Encourage (even mandate) the asking of questions in the weeks and days leading up to the test. Students who are struggling academically are rarely asking the most questions in class. Researchers have found that low-achieving students are often the most reluctant to seek assistance and that a negative or fearful perception of “help seeking” is to blame (Ryan, et al. 1998).

The Ryan study involved 500 students and 25 teachers in 63 sixth-grade math classes throughout 10 Michigan middle schools. The researchers found that low-achieving students tend to perceive question asking as a sign of inability and associate it with feeling “dumb.” Conversely, high achievers with greater confidence are less likely to worry about what others think and tend to focus on the benefits of seeking help, notes the study.

Advise learners to take inventory of their projected goals, time-management skills, and study habits; and to reorganize them appropriately. Students who give their academic concerns top priority and allow ample time for studying (including exam preparation) often perform best (Yaworski, 1998). If help is needed in establishing a personal study schedule, or if chronic procrastination persists, encourage learners to seek the advice of a guidance counselor or related professional.

Next, in the days coming up to the testing, students often get stressed (the teachers are, of course, totally relaxed!)

The three best ways to get kids more relaxed are each about control (it’s the counterbalance to stress.) First, help them take more control over the process of making choices for when, what type of, and where to prepare. (You pre-select the options.) For example, let them choose which content sections they want to prep for first. Second, teach them self-regulation strategies such as slow deep breathing to relax. Third, teach them how to reframe the testing experience, to help them be more in charge of it. Tell your students, “Tests are a school’s way to assess their schooling success. We want to find out what we’re doing well and what we need to do differently. The tests tell us what changes we can make to develop your brain as best as possible.” Read more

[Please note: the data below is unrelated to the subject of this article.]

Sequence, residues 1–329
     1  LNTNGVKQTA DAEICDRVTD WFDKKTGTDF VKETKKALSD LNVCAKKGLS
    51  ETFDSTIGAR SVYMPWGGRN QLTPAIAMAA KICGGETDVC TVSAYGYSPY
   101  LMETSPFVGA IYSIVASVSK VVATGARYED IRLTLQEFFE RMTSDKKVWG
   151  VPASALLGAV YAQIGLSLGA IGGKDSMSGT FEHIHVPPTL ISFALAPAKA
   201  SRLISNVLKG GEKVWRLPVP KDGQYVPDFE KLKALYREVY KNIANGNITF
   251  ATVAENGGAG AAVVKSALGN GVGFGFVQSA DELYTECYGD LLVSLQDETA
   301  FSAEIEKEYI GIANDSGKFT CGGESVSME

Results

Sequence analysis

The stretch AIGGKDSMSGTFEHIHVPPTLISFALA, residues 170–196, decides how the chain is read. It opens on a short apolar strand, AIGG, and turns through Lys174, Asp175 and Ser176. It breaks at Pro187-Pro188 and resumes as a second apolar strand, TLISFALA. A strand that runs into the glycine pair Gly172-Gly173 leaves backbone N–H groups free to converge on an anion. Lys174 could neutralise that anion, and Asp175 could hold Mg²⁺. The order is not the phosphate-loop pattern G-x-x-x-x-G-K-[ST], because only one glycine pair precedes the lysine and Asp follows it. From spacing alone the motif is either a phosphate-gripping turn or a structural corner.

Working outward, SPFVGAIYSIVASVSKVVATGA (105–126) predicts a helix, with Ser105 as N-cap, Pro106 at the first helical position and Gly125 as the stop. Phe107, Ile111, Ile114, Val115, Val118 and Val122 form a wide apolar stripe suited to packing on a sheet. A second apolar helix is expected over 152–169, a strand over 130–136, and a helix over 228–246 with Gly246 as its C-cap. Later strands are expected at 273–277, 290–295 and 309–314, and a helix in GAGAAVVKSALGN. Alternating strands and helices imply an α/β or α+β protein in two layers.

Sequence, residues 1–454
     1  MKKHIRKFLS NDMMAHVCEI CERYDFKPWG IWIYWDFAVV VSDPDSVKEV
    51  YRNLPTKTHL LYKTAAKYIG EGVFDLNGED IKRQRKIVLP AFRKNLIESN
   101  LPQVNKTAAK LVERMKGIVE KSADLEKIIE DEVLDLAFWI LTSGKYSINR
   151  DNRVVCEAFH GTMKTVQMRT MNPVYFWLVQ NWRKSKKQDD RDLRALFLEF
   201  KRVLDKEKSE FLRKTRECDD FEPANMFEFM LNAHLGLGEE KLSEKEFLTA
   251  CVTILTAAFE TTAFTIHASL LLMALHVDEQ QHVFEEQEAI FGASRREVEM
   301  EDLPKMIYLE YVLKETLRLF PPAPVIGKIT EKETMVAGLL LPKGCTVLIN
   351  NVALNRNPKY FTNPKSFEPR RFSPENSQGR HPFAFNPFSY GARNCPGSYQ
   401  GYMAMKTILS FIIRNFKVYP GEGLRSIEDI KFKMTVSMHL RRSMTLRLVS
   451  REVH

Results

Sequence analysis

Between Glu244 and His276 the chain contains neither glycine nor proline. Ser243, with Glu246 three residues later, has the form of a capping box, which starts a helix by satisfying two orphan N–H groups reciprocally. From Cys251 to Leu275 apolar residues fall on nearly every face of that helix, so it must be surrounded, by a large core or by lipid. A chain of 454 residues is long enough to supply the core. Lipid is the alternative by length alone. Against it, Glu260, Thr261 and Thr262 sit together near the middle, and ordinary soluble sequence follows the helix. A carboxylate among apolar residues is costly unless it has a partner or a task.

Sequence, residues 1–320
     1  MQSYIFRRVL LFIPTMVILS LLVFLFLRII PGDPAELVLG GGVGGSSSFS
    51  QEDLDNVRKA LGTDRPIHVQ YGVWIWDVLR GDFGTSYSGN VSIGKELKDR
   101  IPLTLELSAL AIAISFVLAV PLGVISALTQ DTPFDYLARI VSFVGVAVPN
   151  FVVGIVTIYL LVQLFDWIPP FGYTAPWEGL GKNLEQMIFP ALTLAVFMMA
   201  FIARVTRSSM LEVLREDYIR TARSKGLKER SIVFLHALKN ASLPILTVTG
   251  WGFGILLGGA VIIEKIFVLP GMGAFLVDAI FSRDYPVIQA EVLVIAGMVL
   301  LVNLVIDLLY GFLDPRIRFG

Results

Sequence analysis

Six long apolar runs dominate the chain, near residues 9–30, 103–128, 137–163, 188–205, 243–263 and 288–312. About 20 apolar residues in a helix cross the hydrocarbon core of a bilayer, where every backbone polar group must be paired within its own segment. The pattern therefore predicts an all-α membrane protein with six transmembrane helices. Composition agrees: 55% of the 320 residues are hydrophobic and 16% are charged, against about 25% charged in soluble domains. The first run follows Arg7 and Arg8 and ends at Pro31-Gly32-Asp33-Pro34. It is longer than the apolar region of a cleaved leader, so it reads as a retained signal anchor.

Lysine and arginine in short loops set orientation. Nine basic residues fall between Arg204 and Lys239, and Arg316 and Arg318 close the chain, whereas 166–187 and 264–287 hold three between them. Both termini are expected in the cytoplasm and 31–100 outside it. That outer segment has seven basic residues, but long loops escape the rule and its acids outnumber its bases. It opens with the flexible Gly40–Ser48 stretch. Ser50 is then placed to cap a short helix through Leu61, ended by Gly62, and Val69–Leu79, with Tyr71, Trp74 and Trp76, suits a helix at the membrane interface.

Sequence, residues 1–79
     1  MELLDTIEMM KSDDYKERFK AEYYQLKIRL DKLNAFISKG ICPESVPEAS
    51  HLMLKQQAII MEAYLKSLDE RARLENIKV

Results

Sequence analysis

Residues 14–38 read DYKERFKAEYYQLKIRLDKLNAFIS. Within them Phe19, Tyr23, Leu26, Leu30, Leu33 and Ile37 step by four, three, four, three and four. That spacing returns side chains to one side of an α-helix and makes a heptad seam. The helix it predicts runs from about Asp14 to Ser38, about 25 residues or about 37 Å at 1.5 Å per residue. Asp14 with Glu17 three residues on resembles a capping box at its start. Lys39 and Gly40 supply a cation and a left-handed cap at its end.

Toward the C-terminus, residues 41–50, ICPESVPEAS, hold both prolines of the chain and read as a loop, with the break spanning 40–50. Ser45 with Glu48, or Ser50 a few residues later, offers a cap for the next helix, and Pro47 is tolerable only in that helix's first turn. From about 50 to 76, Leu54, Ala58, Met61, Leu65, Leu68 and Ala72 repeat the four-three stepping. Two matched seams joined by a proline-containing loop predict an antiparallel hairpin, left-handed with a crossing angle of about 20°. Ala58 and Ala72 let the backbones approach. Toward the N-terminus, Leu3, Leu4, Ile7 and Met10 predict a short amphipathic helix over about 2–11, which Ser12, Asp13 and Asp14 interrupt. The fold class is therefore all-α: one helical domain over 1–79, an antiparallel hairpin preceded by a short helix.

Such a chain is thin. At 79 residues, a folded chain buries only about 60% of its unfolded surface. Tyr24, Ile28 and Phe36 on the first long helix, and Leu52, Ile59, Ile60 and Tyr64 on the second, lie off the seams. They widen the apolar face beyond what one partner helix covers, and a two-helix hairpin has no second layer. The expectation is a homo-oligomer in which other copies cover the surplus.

Water Bottles in the Classroom: A Smart Move or Another Colossal Hoax?

Over the years, all of us have heard how important it is to have kids drink water at school. That reminds me of a true story…

On one of my trips out to a school district, I was picked up at the airport by the local superintendent. We struck up a conversation on the way to the event. Since my topic was brain-related, the superintendent was gushing about how his district was now “brain compatible.”

I said, “Really? That’s great. Tell me what you’re doing.”

With a good deal of pride, he said, “We have water bottles on every kid’s desk.”

At that point I politely replied, “That’s nice.”

But IS it “nice”?

Is water on the desks really a good idea?

The Research

Years ago, I often repeated things I had heard from others who I thought were experts. But many were self-proclaimed experts who were also repeating what they had heard from other experts. Put enough experts together in one room and you have… grander delusions. Bottom line is that I was, at times, too careless and failed to go dig for the quality research. I know better now. Today, lean in close and read the truth about drinking water.

First, many of the studies promoted as “evidence” to support more hydration have 100 or fewer in the study. That’s too risky to draw much of a conclusion from, and has too few participants to generalize. In our first study, 58 children aged 7-9 years old were randomly allocated to either a group that received additional water or to a group that did not. Results showed that children who drank additional water rated themselves as significantly less thirsty than the control group and they performed better on visual attention tasks. Huh? What about every other type of task? That’s the best we can do? (Edmonds, et al. 2009)

Many questions arise from these studies.